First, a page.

It Takes Just 380 Milliseconds to Judge a Female Politician by Her Looks

A feminine face matters at the polls, new research has found.

National Journal
Marina Koren
May 15, 2014, 10:06 a.m.

She could have cam­paigned for months, but a wo­man’s suc­cess at the bal­lot box may have noth­ing to do with her policies, and something to do with her looks.

A new study from Dart­mouth Col­lege re­search­ers found that people could pre­dict wheth­er a fe­male politi­cian would win or lose an elec­tion with­in just 380 mil­li­seconds of see­ing a photo of her face. Turns out, how fem­in­ine wo­men’s fa­cial fea­tures are says a lot about their elect­or­al suc­cess.

Us­ing soft­ware that tracks com­puter mouse move­ments, re­search­ers showed nearly 300 par­ti­cipants pho­tos of politi­cians’ faces — the win­ners and run­ners-up in U.S. Sen­ate and gubernat­ori­al elec­tions between 1998 and 2010. They then asked the par­ti­cipants to char­ac­ter­ize those faces as male or fe­male, and tracked how fast they made their de­cision. When par­ti­cipants saw a photo of a wo­man with re­l­at­ively mas­cu­line fea­tures, they ten­ded to hes­it­ate be­fore char­ac­ter­iz­ing her as “fe­male.” Pho­tos of wo­men with fem­in­ine fea­tures met with less un­cer­tainty.

It’s this pause, this gut re­ac­tion, that be­came the pre­dict­ive factor of elect­or­al suc­cess. The more par­ti­cipants were drawn to se­lect the male re­sponse when cat­egor­iz­ing the gender of a fe­male politi­cian’s face, the re­search­ers found, the less likely she was to win her elec­tion.

“In­di­vidu­als are highly sens­it­ive to gendered fa­cial cues, and these cues are pro­cessed with­in only mil­li­seconds after see­ing an­oth­er’s face,” says Jon Free­man, the study’s seni­or au­thor and de­veloper of the mouse-track­ing soft­ware. “It’s im­port­ant to ex­am­ine how fa­cial cues could in­ad­vert­ently af­fect fe­male politi­cians’ elect­or­al suc­cess, es­pe­cially giv­en the pos­sib­il­ity of a fe­male U.S. pres­id­ent in the near fu­ture and the rising num­ber of wo­men in Con­gress.”

Here’s how those snap de­cisions look, cour­tesy of Dart­mouth:

{{ BIZOBJ (video: 4949) }}

The re­search­ers sus­pect that these find­ings are mod­er­ated by voters’ val­ues. In elec­tions in con­ser­vat­ive states, which are more likely to ad­here to tra­di­tion­al gender roles, fe­male can­did­ates with fem­in­ine fa­cial fea­tures won more of­ten than those with mas­cu­line fea­tures.

“Be­cause mas­culin­ity is ste­reo­typ­ic­ally as­so­ci­ated with lead­er­ship in the U.S., con­ser­vat­ives’ pref­er­ence for tra­di­tion­al gender roles and low tol­er­ance for un­cer­tainty may re­quire wo­men’s lead­er­ship as­pir­a­tions to be tempered by strong as­so­ci­ations with fem­in­in­ity, par­tic­u­larly in their ap­pear­ance,” says study au­thor Eric Heh­man.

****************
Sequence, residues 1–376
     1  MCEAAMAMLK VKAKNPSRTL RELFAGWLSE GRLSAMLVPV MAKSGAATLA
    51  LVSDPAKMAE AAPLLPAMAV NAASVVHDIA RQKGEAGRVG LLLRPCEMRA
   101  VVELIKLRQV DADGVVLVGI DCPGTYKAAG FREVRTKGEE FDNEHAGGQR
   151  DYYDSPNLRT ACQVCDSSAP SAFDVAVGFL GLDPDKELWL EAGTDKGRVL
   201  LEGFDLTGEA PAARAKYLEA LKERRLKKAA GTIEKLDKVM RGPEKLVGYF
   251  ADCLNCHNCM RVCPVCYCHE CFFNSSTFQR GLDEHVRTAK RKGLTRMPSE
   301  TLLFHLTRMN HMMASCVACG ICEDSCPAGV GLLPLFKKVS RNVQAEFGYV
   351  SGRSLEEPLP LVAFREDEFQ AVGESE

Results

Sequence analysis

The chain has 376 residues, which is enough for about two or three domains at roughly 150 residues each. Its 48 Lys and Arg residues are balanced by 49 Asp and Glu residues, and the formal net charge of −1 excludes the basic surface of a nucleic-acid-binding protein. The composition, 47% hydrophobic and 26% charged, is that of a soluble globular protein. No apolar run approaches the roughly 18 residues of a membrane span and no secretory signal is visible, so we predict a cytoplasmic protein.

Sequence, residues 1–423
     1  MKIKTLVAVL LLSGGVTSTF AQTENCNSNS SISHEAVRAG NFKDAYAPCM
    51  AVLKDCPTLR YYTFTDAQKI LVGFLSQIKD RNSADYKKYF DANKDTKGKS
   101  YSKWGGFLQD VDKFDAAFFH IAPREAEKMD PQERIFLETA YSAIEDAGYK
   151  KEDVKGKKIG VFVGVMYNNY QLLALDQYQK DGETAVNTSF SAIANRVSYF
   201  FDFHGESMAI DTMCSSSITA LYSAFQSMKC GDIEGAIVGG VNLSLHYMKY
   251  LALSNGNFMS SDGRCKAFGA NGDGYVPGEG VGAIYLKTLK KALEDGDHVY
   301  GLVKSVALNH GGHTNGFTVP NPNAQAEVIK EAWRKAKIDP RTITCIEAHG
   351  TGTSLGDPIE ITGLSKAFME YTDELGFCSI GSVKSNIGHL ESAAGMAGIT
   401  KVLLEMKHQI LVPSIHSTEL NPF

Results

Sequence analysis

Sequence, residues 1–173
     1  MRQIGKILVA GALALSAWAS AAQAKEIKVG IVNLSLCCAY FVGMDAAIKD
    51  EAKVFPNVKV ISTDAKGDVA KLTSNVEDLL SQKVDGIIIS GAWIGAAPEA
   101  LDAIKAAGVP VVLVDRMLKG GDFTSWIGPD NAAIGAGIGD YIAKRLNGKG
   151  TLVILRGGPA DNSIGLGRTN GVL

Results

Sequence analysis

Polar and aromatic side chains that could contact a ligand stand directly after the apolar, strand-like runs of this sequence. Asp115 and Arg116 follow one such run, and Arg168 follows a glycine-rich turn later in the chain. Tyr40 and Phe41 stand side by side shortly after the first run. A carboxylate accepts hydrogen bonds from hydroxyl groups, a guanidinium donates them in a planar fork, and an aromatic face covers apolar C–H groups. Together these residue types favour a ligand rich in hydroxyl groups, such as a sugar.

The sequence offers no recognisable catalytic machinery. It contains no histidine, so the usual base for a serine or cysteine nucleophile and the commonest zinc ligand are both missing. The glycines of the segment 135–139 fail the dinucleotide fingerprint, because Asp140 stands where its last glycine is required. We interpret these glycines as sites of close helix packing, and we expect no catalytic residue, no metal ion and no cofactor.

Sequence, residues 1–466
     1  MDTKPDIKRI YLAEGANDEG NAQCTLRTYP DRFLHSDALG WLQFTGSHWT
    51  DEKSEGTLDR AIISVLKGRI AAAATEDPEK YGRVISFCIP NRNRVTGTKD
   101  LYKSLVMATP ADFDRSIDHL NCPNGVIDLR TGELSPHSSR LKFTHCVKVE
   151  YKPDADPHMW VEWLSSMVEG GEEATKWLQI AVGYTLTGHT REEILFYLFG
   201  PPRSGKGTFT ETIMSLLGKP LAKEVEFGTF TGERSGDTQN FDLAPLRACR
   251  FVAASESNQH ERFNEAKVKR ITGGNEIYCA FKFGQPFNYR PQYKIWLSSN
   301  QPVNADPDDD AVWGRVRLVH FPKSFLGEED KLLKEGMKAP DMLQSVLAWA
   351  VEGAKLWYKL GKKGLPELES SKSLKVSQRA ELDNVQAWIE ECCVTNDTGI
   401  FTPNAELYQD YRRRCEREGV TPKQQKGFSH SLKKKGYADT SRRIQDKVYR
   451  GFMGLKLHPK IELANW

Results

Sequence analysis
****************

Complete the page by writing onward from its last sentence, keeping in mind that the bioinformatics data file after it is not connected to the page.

Past re­search has shown that male politi­cians’ at­tract­ive­ness con­trib­utes to per­cep­tion of their com­pet­ence and lead­er­ship abil­ity. This cur­rent re­search isn’t about wheth­er voters find wo­men politi­cians at­tract­ive or cap­able. Rather, it’s about how their brains are hard­wired to re­spond to gender ste­reo­types. That pause in the ex­per­i­ment was what in­flu­enced wheth­er wo­men won or lost their elec­tions.

In oth­er words, how our brains sub­con­sciously pro­cess hu­man faces — and their bio­lo­gic­al and so­cial gender-spe­cif­ic at­trib­utes — can af­fect our vot­ing be­ha­vi­or more than how good-look­ing we con­sciously think they are.

What We're Following See More »
Brent Crude Rises Above $50/Barrel
58 minutes ago

"Brent crude rose above $50 a barrel for the first time in more than six months as a decline in U.S. stockpiles accelerated a rebound from a 12-year low. Futures climbed as much as 1.1 percent in London to $50.26, the highest intraday price since Nov. 4, after climbing 2.9 percent the previous two sessions. U.S. inventories shrank more than expected last week, government data showed, while supplies have also been curtailed in Nigeria, Venezuela and Canada."

Rick Wiley Bolts the Trump Campaign
1 hours ago

"Donald Trump on Wednesday parted ways with Rick Wiley, his national political director, just six weeks after the Republican operative joined the campaign." Wiley joined just six weeks ago, as Trump said he would be a "tremendous asset as we enter the final phase." But yesterday, Trump said in a statement that "hired on a short-term basis as a consultant."

Bill Would Reward Gov’t Employees for Ratting Out Waste and Abuse
1 hours ago

A bill that would "pay awards of up to $10,000 to federal workers who identify waste" cleared committee yesterday and is headed to the Senate floor. “I think it’s trying to align incentives in the government the way we do in the private marketplace,” said Sen. Rand Paul (R-KY), who sponsored the bill along with Sen. Mark Warner (D-VA).

Trump Jr. Meeting with GOP Members
15 hours ago
Ryan Not Endorsing Trump Just Yet
20 hours ago